Your Gut Can Make You Slim

By Aviva Patz | Health.com | October 2014

Looking to dump some extra pounds? Here’s a hint: Work those good bacteria.

Consider this: Right now, as you’re sitting there, there’s a battle raging in your belly. Some 1,000 species of bacteria are duking it out, trying to establish dominance. Why should you care? Because whether the good bacteria in your gut or the bad triumph doesn’t just decide how well you digest your dinner, respond to allergens and fend off diseases — it also helps determine how much weight you’re likely to gain. Or lose.

“Simply put, if you get the microbiome — that collection of bacteria inside you — healthy, you will lose weight,” says Raphael Kellman, MD, a New York City physician and author of The Microbiome Diet. “It’s less about eating a certain percentage of carbohydrates, protein and fat than about correcting the overgrowth of unhealthy bacteria, which is making you crave the wrong foods, triggering inflammation.”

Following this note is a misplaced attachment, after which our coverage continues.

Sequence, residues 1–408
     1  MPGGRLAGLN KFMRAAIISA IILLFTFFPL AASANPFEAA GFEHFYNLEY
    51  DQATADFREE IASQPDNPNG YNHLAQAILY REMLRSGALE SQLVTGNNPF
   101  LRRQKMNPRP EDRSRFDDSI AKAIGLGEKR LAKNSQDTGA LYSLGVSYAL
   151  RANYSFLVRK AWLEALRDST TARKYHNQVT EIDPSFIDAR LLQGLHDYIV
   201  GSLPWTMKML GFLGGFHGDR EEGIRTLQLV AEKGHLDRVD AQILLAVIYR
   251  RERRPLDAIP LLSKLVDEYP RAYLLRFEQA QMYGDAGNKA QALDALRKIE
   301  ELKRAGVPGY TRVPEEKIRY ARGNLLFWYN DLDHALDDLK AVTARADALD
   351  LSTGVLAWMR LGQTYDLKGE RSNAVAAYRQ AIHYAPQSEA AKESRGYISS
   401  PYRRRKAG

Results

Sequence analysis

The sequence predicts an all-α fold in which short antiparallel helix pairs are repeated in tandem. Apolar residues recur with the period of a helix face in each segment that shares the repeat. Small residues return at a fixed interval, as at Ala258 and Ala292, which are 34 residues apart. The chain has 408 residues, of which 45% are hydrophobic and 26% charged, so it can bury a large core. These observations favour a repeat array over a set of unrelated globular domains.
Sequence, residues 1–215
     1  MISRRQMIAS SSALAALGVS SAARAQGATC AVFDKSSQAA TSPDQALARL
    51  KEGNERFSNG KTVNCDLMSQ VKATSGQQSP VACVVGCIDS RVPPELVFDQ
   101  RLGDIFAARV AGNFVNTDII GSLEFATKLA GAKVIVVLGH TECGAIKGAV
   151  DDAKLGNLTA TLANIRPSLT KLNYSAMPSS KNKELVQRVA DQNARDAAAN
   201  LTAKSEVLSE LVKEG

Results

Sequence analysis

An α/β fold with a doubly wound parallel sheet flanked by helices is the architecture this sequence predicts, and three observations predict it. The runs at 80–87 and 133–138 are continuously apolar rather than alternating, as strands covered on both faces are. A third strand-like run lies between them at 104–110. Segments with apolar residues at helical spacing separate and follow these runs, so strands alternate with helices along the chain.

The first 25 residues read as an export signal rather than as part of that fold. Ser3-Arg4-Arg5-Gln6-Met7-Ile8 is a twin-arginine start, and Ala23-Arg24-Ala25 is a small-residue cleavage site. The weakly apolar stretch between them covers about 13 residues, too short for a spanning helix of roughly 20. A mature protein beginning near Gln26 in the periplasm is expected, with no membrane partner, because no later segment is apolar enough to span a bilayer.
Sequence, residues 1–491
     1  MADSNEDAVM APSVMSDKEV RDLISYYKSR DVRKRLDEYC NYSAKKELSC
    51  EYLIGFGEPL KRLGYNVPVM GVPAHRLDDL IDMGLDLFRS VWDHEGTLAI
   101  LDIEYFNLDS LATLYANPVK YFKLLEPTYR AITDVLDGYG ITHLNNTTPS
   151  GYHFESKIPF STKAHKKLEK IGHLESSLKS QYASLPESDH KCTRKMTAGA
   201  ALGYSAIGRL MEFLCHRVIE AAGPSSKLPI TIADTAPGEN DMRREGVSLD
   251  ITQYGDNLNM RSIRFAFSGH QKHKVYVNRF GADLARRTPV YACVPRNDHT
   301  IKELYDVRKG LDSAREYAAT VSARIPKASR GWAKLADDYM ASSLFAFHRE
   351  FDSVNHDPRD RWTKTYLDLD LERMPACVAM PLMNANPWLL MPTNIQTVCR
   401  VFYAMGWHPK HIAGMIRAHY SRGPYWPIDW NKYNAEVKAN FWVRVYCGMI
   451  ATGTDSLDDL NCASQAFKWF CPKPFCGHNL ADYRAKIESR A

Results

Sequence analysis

Unhealthy gut bacteria also produce food cravings: A study published in BioEssays suggests that some microbes may drive us to eat doughnuts or another tempting treat. These gut bugs send chemical messages to the brain that sway our appetite and mood — perhaps making us feel anxious until we gobble a square of dark chocolate or a T-bone steak.

Fortunately, we can begin to take control by feeding our microbiome the right foods. “I tell my patients, ‘The bacteria follow the food,'” says gastroenterologist Robynne Chutkan, MD, founder of the Digestive Center for Women in Chevy Chase, Md., and author of Gutbliss. “What we eat dictates the kind of bacteria we grow in our gut garden.”

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